Springs Working Group Holds Summit at Camp Kulaqua
The Santa Fe Springs Working Group recently held a Springs Protection Summit at Camp Kulaqua in High Springs specifically targeting local elected officials. Ninety-four people participated in the meeting, including representatives from Alachua and Gilchrist counties and from the cities of Alachua, High Springs and Newberry.
Turf-Grass - Florida’s Largest Crop
Guy Marwick of Smart Growth Coalition of North Central Florida began the meeting with some shocking statistics.
“Things are changing in our area, and changing very fast,” Marwick said, citing the fact that lawn fertilizer now outsells agriculture fertilizer.
“We are growing lawns. The biggest areas of irrigated crops are now lawns.”
In the mid-80s Marwick was instrumental in starting a museum at Silver Springs and convincing the State of Florida to acquire properties around the springs.
Local developers were planning to develop properties along the Silver River so Marwick pulled together a group of people and formed Friends of Silver Springs. It took years of lobbying but eventually officials saw the wisdom in protecting these vital areas.
“The Springs are at the end of the pipe,” Marwick said. “What goes into the pipe became my next concern.”
When 2,000 acres were set aside for a landfill near Half Mile Creek Marwick provided Commissioners with crucial information that caused them to reconsider.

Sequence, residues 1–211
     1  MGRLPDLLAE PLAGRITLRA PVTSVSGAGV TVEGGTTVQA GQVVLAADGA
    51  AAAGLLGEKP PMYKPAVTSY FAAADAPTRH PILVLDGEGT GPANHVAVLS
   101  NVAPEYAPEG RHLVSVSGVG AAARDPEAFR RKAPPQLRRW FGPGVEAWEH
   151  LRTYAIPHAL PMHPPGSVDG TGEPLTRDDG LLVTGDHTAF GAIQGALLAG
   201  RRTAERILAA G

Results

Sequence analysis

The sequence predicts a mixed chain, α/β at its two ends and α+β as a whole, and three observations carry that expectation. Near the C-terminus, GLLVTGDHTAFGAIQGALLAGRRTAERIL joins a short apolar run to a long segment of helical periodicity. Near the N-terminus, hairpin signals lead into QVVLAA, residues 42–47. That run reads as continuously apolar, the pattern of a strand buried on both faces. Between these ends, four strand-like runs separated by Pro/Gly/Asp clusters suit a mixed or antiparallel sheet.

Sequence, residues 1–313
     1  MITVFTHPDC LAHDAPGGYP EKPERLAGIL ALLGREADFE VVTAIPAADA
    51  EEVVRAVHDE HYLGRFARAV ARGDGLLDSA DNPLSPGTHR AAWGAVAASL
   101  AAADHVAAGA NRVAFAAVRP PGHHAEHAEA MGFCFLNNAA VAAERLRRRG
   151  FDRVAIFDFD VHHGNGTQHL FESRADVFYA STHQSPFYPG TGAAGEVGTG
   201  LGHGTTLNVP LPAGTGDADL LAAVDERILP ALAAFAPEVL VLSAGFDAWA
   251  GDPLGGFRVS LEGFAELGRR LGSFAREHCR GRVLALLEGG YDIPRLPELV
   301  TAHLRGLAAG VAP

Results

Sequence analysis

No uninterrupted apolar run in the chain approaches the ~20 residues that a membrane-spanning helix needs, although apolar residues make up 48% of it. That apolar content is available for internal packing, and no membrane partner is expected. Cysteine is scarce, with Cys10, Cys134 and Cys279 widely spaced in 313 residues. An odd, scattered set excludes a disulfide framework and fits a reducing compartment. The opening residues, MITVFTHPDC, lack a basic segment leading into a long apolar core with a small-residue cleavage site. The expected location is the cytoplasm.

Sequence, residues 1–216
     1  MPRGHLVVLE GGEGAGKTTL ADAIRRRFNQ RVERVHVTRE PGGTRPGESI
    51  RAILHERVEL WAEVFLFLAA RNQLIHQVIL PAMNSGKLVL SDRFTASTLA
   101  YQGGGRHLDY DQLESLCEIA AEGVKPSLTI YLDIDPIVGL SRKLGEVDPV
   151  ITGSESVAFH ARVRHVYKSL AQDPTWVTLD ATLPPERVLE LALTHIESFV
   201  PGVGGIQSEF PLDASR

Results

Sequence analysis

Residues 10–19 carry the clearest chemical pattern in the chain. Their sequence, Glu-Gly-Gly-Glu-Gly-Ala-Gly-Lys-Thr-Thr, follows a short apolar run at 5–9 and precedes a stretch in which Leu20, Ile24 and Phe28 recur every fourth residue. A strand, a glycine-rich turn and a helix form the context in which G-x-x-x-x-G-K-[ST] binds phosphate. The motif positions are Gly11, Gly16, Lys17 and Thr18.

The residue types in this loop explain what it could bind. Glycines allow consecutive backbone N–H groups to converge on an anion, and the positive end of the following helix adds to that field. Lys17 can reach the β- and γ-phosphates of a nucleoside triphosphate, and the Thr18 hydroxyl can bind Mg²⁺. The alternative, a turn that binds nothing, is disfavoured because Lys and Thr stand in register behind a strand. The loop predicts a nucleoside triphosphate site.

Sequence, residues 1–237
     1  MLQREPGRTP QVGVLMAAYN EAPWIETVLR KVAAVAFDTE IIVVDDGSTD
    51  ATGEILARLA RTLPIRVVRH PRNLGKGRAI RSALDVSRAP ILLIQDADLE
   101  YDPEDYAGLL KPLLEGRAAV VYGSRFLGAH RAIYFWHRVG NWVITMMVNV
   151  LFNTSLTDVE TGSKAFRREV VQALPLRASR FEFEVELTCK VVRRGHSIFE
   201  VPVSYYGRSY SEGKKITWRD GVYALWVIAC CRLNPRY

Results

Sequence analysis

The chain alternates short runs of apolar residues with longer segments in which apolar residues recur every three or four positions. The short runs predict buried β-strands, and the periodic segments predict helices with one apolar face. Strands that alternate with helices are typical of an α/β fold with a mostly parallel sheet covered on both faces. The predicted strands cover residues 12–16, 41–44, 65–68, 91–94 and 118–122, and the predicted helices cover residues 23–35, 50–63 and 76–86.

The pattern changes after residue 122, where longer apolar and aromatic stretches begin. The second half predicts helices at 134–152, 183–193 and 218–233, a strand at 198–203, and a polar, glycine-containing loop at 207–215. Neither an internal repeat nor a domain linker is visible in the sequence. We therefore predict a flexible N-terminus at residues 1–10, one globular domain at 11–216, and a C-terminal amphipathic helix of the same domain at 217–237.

“They changed their minds at the last minute,” Marwick said.
Marwick emphasized the importance of bringing in experts, having workshops and educating elected officials as well as the public.
“The road is a long and hard one but we have to feel optimistic about protecting our springs and rivers,” Marwick said.
City and County Officials Speak Out
A panel of city and county officials took the stage to voice their concerns and ask questions of the group.
High Springs City Manager Jim Drum talked about local issues such as the increase in development and tourism and the resulting degradation of the springs.
“It used to be that the solution to pollution is dilution,” Drum said, recognizing that stormwater has traditionally been channeled into sinkholes, springs and rivers, but such a philosophy is no longer valid.